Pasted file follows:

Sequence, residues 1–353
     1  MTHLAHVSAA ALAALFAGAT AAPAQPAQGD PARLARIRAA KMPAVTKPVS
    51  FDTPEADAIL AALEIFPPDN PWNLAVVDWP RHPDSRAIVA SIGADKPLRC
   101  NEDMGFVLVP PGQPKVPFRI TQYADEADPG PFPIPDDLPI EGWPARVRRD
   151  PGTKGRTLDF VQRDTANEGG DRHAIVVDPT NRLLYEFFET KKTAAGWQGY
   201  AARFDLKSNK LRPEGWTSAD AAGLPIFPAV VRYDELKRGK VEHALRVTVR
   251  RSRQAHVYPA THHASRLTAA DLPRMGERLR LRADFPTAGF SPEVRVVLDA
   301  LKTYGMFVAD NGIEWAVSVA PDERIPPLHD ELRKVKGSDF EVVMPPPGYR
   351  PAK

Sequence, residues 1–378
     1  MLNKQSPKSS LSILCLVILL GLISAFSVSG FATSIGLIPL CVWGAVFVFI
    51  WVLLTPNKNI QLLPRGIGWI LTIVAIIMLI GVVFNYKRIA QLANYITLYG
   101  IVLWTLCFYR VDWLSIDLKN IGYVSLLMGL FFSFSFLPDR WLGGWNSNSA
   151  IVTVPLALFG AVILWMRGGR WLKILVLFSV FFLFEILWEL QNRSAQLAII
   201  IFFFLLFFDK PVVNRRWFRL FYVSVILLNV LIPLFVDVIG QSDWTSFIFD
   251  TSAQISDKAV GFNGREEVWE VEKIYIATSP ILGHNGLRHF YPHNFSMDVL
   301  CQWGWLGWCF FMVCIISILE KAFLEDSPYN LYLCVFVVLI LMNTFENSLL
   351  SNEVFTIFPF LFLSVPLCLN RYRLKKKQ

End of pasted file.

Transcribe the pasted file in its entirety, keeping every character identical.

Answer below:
Sequence, residues 1–353
     1  MTHLAHVSAA ALAALFAGAT AAPAQPAQGD PARLARIRAA KMPAVTKPVS
    51  FDTPEADAIL AALEIFPPDN PWNLAVVDWP RHPDSRAIVA SIGADKPLRC
   101  NEDMGFVLVP PGQPKVPFRI TQYADEADPG PFPIPDDLPI EGWPARVRRD
   151  PGTKGRTLDF VQRDTANEGG DRHAIVVDPT NRLLYEFFET KKTAAGWQGY
   201  AARFDLKSNK LRPEGWTSAD AAGLPIFPAV VRYDELKRGK VEHALRVTVR
   251  RSRQAHVYPA THHASRLTAA DLPRMGERLR LRADFPTAGF SPEVRVVLDA
   301  LKTYGMFVAD NGIEWAVSVA PDERIPPLHD ELRKVKGSDF EVVMPPPGYR
   351  PAK

Sequence, residues 1–378
     1  MLNKQSPKSS LSILCLVILL GLISAFSVSG FATSIGLIPL CVWGAVFVFI
    51  WVLLTPNKNI QLLPRGIGWI LTIVAIIMLI GVVFNYKRIA QLANYITLYG
   101  IVLWTLCFYR VDWLSIDLKN IGYVSLLMGL FFSFSFLPDR WLGGWNSNSA
   151  IVTVPLALFG AVILWMRGGR WLKILVLFSV FFLFEILWEL QNRSAQLAII
   201  IFFFLLFFDK PVVNRRWFRL FYVSVILLNV LIPLFVDVIG QSDWTSFIFD
   251  TSAQISDKAV GFNGREEVWE VEKIYIATSP ILGHNGLRHF YPHNFSMDVL
   301  CQWGWLGWCF FMVCIISILE KAFLEDSPYN LYLCVFVVLI LMNTFENSLL
   351  SNEVFTIFPF LFLSVPLCLN RYRLKKKQ